As an alternative to the problem of drought suffered by some northern states in Mexico and in order to improve the efficiency of agricultural irrigation systems, a Mexican engineer, Sergio Jesus Rico Velasco, has developed a system for planting solidified water in crop fields.
The technology developed by Rico Velasco consists in the activation series of components - and namely Water silos (which are potassium polyacrylate powder particles) - whose molecular structure allows them to absorb and retain up to 500 times their liquid weight and form small potential water reservoirs, becoming Solid Rain when they are hydrated and grow thanks to the water's effect.
Solid Rain is the result of Water Silos bonding together with previously captured rainwater - which is usually collected from roofs, in the necessary quantities (i.e. 10 grams per liter of water) - and is stored in a location which is not exposed to the sun, with a view to subsequently being used even one year after being collected in plantations and crops.
The Water Silos particles - which can be removed and then be re-hydrated at every crop cycle - have a life span of up to 10 years, during which time they will provide plants with a regular supply of water by allowing the plant to be ventilated and preventing evaporation.
Water silos' effectiveness has been fully proven. Mr. Rico Velasco conducted, in fact, in 2005 a comparative study of the corn fields located outside the village of Aguahedionda in the Jalisco region, during which he applied the two irrigation systems, and namely a traditional, rain-fed liquid irrigation system, which harvested 600 kilograms per hectare, and a Solid Rain irrigation system, with which he collected 10 tons of grain per hectare.
This technology has also been successfully used in India in the cultivation of papaya, mango, peanut, cotton, wheat and coconut palms, as well as in Colombia in rose and carnation greenhouses. Researchers recorded 75% savings in irrigation costs, as well as a 100% increase in foliage and flowers and a 300% in root development.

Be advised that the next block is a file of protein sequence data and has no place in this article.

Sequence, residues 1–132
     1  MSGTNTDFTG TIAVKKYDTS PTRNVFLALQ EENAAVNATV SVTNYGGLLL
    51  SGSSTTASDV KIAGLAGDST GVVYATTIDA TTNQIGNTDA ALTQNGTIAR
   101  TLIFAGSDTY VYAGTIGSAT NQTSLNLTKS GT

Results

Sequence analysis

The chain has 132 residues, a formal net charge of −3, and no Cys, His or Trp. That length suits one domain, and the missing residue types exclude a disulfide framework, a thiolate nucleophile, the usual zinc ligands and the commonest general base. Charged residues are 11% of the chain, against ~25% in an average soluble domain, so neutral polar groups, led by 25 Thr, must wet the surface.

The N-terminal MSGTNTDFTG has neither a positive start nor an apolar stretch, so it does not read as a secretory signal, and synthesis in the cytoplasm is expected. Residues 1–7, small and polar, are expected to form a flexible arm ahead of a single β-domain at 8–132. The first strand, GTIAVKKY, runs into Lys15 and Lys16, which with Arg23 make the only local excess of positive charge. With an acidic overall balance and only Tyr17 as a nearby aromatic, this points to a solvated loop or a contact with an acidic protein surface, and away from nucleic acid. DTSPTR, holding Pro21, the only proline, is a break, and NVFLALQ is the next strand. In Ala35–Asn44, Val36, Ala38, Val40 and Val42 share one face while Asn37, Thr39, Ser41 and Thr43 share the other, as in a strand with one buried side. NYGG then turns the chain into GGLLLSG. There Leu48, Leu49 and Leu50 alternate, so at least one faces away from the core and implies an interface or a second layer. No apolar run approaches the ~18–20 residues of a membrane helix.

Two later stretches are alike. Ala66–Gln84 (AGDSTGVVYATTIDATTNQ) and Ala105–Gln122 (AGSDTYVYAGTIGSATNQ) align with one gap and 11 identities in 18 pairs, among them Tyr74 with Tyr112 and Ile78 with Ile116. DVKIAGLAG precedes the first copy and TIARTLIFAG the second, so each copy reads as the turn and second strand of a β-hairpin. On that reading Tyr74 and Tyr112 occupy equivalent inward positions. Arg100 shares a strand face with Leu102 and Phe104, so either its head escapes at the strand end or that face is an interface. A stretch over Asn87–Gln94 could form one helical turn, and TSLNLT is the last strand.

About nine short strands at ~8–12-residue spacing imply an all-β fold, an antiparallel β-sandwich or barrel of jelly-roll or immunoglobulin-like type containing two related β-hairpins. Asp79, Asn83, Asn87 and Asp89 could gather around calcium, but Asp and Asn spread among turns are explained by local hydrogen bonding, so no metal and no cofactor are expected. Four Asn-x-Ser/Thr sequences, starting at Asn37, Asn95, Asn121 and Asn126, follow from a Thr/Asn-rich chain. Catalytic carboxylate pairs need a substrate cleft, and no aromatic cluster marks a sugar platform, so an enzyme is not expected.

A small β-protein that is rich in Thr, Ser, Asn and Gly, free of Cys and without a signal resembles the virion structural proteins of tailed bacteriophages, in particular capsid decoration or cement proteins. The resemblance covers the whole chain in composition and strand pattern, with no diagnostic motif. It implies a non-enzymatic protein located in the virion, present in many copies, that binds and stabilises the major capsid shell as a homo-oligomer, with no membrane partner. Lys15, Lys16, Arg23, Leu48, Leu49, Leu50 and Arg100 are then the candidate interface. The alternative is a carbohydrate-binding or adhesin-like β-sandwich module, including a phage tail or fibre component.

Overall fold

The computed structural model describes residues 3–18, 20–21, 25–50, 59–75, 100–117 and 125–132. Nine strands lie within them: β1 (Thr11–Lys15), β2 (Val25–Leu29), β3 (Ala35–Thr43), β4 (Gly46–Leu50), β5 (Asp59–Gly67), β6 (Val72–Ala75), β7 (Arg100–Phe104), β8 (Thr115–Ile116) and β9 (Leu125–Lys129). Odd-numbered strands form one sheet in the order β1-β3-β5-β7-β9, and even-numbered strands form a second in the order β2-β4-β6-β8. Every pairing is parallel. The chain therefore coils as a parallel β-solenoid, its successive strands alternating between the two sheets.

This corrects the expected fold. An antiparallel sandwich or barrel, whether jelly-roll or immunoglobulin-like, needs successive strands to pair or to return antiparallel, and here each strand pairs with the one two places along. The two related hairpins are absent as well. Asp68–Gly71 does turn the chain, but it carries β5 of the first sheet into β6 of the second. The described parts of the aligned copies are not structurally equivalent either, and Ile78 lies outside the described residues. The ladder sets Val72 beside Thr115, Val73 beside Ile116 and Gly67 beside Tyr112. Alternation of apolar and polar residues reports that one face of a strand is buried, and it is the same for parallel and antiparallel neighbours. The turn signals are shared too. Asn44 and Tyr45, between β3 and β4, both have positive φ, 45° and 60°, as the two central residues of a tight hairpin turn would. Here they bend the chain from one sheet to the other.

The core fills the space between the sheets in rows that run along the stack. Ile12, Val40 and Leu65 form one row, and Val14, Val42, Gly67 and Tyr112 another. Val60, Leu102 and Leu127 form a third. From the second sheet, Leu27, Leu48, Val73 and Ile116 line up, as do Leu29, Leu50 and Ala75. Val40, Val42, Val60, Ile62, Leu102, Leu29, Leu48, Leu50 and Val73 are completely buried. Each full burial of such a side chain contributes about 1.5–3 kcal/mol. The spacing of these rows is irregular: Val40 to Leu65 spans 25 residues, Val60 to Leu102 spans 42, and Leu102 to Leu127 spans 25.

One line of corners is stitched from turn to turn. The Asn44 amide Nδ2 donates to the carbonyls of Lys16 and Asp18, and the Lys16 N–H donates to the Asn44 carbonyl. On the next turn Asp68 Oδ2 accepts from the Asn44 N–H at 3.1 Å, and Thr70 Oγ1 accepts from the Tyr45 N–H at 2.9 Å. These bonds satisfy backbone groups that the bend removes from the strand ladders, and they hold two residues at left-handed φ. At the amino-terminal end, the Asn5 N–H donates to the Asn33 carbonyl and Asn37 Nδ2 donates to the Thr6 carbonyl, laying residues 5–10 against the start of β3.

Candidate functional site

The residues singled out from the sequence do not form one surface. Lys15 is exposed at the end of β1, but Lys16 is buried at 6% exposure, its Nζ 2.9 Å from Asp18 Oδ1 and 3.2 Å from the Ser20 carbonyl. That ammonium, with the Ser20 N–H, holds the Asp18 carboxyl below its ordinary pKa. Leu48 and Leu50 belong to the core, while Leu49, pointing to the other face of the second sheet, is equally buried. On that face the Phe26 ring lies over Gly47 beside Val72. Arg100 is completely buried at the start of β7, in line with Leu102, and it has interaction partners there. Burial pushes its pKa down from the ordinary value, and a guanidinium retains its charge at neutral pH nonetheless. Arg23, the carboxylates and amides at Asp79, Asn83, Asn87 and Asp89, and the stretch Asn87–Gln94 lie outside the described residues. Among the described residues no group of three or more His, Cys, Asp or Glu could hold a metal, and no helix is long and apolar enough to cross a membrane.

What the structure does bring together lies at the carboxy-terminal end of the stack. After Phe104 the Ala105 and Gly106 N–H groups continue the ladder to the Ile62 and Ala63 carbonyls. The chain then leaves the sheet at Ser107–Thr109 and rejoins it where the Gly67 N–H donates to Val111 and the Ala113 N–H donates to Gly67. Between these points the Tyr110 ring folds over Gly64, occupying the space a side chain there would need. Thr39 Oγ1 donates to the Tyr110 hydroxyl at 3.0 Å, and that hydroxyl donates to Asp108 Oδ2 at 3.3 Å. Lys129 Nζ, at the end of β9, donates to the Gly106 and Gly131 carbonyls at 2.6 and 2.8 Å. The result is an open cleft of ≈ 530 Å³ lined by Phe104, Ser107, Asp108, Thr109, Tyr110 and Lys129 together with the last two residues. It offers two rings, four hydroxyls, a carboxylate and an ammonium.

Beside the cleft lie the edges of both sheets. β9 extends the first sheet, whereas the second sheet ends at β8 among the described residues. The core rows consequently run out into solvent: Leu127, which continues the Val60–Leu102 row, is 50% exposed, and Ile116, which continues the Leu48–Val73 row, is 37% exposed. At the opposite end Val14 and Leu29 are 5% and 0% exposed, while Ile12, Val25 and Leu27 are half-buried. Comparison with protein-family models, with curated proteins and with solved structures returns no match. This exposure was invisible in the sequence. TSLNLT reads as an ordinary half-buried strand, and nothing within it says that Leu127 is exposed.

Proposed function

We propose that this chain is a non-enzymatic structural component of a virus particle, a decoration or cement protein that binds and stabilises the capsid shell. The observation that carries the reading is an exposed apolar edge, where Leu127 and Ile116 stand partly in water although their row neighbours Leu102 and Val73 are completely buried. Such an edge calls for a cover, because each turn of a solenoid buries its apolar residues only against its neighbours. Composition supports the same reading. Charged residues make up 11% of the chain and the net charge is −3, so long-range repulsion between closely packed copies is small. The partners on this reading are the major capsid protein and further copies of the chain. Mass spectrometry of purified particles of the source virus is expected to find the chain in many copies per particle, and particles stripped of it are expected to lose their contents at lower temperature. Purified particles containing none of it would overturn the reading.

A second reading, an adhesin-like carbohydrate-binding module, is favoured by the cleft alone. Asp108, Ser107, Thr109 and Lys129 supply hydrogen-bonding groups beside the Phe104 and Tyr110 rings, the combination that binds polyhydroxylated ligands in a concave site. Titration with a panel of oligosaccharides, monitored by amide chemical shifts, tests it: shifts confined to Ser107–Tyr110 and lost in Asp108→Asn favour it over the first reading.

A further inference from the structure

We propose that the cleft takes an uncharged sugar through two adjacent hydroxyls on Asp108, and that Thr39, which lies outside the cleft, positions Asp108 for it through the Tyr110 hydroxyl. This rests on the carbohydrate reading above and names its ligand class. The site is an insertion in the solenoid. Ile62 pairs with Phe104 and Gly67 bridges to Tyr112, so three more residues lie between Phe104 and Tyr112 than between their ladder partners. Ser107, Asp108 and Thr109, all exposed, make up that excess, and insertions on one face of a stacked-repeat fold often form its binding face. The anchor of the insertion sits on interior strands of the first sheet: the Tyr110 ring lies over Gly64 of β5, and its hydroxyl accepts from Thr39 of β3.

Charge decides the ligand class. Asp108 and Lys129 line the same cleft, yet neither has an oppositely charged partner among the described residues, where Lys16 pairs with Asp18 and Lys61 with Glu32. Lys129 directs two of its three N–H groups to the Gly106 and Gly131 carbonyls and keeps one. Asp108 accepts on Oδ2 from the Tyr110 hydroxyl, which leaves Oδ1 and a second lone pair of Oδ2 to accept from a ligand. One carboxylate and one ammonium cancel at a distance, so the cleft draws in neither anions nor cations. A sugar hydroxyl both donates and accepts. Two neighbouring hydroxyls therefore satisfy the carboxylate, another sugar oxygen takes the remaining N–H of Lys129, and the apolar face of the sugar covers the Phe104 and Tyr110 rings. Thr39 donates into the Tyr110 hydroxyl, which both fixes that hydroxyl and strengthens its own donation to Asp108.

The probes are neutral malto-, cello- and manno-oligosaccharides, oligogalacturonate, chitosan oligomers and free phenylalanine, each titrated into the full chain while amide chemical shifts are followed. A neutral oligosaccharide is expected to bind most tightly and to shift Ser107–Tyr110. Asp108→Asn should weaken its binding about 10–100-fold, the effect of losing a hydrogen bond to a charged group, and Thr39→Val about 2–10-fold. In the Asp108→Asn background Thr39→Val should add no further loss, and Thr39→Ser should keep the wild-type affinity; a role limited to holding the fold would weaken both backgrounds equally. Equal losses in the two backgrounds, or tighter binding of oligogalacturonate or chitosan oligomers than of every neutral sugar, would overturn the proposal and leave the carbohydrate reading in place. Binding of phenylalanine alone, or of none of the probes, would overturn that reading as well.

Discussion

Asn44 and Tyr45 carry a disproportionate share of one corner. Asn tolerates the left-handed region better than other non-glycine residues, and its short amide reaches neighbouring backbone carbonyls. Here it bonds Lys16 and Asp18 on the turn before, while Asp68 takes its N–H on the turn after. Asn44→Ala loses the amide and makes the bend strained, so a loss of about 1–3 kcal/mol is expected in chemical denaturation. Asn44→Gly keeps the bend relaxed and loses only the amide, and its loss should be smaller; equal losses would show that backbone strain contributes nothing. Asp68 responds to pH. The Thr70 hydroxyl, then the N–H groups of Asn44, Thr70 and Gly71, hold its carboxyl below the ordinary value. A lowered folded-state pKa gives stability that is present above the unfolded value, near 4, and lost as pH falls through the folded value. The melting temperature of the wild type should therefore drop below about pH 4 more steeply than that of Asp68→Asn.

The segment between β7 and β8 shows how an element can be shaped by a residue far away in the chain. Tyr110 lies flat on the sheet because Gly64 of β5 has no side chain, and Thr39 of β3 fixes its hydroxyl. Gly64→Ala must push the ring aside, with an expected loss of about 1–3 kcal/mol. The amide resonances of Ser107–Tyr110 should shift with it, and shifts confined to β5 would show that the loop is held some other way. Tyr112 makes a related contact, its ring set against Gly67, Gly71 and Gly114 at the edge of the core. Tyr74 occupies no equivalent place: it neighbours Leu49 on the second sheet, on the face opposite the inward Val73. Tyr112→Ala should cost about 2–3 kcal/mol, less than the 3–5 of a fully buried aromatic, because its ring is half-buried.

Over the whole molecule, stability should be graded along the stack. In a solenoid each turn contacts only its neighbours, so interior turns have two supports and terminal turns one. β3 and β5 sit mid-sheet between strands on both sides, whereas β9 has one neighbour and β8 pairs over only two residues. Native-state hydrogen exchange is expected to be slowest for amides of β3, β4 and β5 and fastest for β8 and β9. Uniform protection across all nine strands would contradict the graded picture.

The ongoing process of desertification, climate change and uncertainty about rain seasons make this project of vital importance since it offers the possibility of storing rainwater in bags and in solid form, allowing it to be transported to places which can reached with great difficulty.
The aforementioned technology has, moreover, not been patented and, as such, is in the public domain, with the result that it can be used for the benefit of all mankind.
Mr. Rico Velasco's solid water irrigation system has led to the latter being nominated for the Global Water Award 2012, which is awarded each year by Stockholm International Water Institute (SIWI) located in Stockholm, Sweden.
David Fuller's view This seems too good to be true, but hopefully
is not. I do not know anything about absorbent polymers but we need to know
if there are any downsides to potassium polyacrylate? For instance, is it absorbed
by food crops, and if so, what would be the effect on humans and animals? The
articles say it remains effective in soils for 10 years, but what happens to
this absorbant thereafter? Does it biodegrade or does it become a sludge which
is potentially harmful and needs to be removed?
Meanwhile, Solid Rain's creator, although not the original inventor, Sergio Jésus Rico Velasco, a Mexican chemical engineer, cites another benefit in this article from Modern Farmer:
Lorenzo also touts a side benefit of Solid Rain: it prevents nutrients in the soil from washing away. Frank Torres, a former green bean farmer in the Mexican state of Sinaloa, used Solid Rain even though drought wasn't a big issue in his area. Still, he said yields increased by about 50 percent. "Nitrogen wasn't washing away every time we watered the plants," Torres said. "All the nutrients were absorbed into the roots."
There are 40 interesting comments following this article from Modern Farmer, including responses from www.solid-rain.com, which at least partially address my questions above and a number of others which are extremely important.
If there are no unwelcome side effects from potassium polyacrylate, and that is a big IF, Solid Rain should have the potential to reduce considerably the problem of drought in agricultural regions. That would increase agricultural supplies, which in turn, could reduce malnutrition in poorer countries. In other words, Solid Rain could be another global 'game changer'.
Lastly, here is a 2.5 minute video on Solid Rain from Scientific American.